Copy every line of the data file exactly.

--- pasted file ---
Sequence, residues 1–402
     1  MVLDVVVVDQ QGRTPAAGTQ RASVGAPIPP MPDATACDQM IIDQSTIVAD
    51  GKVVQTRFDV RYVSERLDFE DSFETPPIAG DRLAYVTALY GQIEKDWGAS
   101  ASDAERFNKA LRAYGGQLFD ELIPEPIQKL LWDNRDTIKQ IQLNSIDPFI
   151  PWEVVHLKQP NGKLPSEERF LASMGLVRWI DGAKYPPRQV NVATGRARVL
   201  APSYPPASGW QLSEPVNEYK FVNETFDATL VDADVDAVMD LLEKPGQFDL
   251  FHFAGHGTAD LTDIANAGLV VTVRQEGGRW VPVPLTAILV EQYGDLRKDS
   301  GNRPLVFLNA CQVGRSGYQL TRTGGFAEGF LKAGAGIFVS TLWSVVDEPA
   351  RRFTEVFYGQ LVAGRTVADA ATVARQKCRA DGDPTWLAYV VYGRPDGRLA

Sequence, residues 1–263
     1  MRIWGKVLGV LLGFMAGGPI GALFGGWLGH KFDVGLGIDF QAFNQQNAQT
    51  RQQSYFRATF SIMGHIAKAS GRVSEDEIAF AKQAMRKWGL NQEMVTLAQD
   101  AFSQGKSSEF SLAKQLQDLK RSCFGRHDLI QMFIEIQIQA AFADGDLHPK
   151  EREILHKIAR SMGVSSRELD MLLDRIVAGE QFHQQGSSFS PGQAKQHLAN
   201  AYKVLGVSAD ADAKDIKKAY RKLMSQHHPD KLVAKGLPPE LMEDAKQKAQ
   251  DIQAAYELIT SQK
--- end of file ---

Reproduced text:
Sequence, residues 1–402
     1  MVLDVVVVDQ QGRTPAAGTQ RASVGAPIPP MPDATACDQM IIDQSTIVAD
    51  GKVVQTRFDV RYVSERLDFE DSFETPPIAG DRLAYVTALY GQIEKDWGAS
   101  ASDAERFNKA LRAYGGQLFD ELIPEPIQKL LWDNRDTIKQ IQLNSIDPFI
   151  PWEVVHLKQP NGKLPSEERF LASMGLVRWI DGAKYPPRQV NVATGRARVL
   201  APSYPPASGW QLSEPVNEYK FVNETFDATL VDADVDAVMD LLEKPGQFDL
   251  FHFAGHGTAD LTDIANAGLV VTVRQEGGRW VPVPLTAILV EQYGDLRKDS
   301  GNRPLVFLNA CQVGRSGYQL TRTGGFAEGF LKAGAGIFVS TLWSVVDEPA
   351  RRFTEVFYGQ LVAGRTVADA ATVARQKCRA DGDPTWLAYV VYGRPDGRLA

Sequence, residues 1–263
     1  MRIWGKVLGV LLGFMAGGPI GALFGGWLGH KFDVGLGIDF QAFNQQNAQT
    51  RQQSYFRATF SIMGHIAKAS GRVSEDEIAF AKQAMRKWGL NQEMVTLAQD
   101  AFSQGKSSEF SLAKQLQDLK RSCFGRHDLI QMFIEIQIQA AFADGDLHPK
   151  EREILHKIAR SMGVSSRELD MLLDRIVAGE QFHQQGSSFS PGQAKQHLAN
   201  AYKVLGVSAD ADAKDIKKAY RKLMSQHHPD KLVAKGLPPE LMEDAKQKAQ
   251  DIQAAYELIT SQK